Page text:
In Progress

WHAT’S IN A NAME?

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You may have noticed a change in the header of this blog. It might seem like I recently married. In reality, for some people it takes precisely five years to settle into a new name. Five years ago last month, I got married. I gave only a little thought to going to a social security office in Brooklyn and changing my name from Rachel Stolzman to Rachel Stolzman Gullo. I was six months pregnant on our wedding day, and I know my decision to change my name was largely fueled by the baby on the way. It seemed like a good thing to board future airplanes with a baby and eventually kid that shared the same name as me. I vaguely imagined him going to school and wanting the school to see my name and his name as the same. I wanted the kid to have one last name not two. But, I was also forty and had been a Stolzman for forty years and I was a published novelist with my name. Somewhere in my head was the thought, “I won’t use it.” It was for documents, planes and schools, bank records, passports, it was my official name. And in fact I did not use it. I didn’t introduce myself as Gullo, or submit short stories or articles with Gullo, and so on. But pretty fast there were some credit cards, some bills, some mail and even my pay checks (!) where Gullo was popping up. I kind of looked away, confused. Neither name felt like me anymore. I thought about more important issues and let it go.

When my son was about two, I got in a car accident that was my fault. When the cops arrived they asked for my name. For the first time, without hesitation I blurted out, Rachel Gullo! Her. Not me. More years went by, still no name that felt very true anymore. I didn’t give it much thought, except when I’d call the cable company or check-in at a hotel and I’d have no idea what name I’d given. I debated what I’d use for publishing, and didn’t really decide. It didn’t matter, my novel wasn’t ready. Well recently, our five year anniversary came. And I think it’s significant that my husband and I have been paying more attention to our union lately, not just what to call ourselves, but our connection and commitment; I’m quite sure that has been part of settling into my name. Secondly, our boy talks now. Some of the things he says include, “We’re the Gullo family.” He knows me as Rachel Gullo, just as he knows himself as Enrico Gullo.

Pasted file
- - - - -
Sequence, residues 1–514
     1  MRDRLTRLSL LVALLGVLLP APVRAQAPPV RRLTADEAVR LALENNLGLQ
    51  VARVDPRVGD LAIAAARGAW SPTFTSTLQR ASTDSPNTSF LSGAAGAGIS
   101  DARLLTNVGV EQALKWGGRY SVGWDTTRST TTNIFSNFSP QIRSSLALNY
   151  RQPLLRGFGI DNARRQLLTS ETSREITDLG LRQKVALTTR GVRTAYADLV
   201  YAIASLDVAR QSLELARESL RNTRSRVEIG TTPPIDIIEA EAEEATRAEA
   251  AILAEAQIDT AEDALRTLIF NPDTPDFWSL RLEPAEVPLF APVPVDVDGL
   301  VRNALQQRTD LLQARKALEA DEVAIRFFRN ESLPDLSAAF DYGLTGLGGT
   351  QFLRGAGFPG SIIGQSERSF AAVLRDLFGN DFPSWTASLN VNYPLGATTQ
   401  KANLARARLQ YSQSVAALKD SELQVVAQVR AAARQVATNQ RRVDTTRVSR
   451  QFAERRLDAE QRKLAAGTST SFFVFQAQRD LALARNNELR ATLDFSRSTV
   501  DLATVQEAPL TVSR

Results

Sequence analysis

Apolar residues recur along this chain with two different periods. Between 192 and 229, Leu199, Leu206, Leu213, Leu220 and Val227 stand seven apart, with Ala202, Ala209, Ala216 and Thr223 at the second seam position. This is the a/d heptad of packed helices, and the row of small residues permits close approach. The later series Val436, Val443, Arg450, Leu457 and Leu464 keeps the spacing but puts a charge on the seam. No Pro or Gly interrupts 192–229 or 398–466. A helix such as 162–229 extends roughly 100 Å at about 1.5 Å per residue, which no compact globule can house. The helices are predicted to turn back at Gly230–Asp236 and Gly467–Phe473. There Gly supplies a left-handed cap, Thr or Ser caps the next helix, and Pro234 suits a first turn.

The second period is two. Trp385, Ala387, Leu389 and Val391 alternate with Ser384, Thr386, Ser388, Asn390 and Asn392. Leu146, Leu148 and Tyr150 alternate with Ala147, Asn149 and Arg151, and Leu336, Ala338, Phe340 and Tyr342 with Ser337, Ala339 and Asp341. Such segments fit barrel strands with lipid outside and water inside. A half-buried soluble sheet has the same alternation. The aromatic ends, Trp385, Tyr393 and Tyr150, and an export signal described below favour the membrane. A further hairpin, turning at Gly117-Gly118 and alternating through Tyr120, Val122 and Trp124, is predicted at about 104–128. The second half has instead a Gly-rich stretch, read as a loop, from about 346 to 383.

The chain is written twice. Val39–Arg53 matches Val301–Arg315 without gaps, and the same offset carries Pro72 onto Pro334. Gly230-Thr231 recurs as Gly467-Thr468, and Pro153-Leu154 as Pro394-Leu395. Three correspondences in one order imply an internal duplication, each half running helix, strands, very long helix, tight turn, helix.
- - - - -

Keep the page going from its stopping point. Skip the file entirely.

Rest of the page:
Recently several poems I wrote were accepted for publication in a journal called Sixfold. I had submitted them under the name Rachel Stolzman Gullo. When they asked for final proofs, I made a few edits to the poems and also asked that they please publish them under the name Rachel Stolzman. And finally, enough psychic and pragmatic lasers crossed in my brain and I was abruptly able to see the name that felt like me, it wasn’t Stolzman or Gullo, but both. I’d made that decision five years ago, but never actually took it in, felt it. Until now. I imagined a book arriving later this summer with my poems inside, and my name on the page header. I imagined showing Enrico, “Hey look, I wrote some poems and they’re in this book.” I imagined him saying, “Why doesn’t it say Gullo?” It’s a small thing in the scope of the universe and even in my own concerns and life, but as I changed my name on social media and on this blog header, and when I rushed to contact Sixfold before it was too late to say, I figured it out- my name is Rachel Stolzman Gullo, it felt really settled-in and nice.

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A WRITING DAY

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Tomorrow, a Wednesday in late July will be my first day of writing, an entire day for writing, in…..an immeasurable time. I used to write on Wednesdays and Saturdays as a regular schedule, and often micro sessions in between, before having a kid. Last year, I wrote on Wednesdays (my day off from my Department of Health job) until 2:30 when it was time to pick up my son, and often his friends, from pre-k. One unintended outcome of summer camp, is that my boy’s day goes until 4pm, and hour and a half that feels like a whole other day when you’re counting writing time.

For the last ten months I’ve been revising my second novel. The way I’ve come to sum up this revision is that I re-wrote the beginning, adding a new plot-line and substantially upping the stakes of the novel. Then I combed forward the revision, including the new story-line and revising what was already on the page to fold into the new story. Eventually, I hit a wall where the end needed to be re-written, and I’ve pushed through that wall recently. The very end of the novel holds up, but I think there will be about ten new pages blended in to make it more of a ….hugely-satisfying-culmination-like-feeling of- I’m so glad I read this totally original and illuminating book! Or something like that. I am now on page 219 of what I think will be a 235 page book. For me, that fact is breath-taking.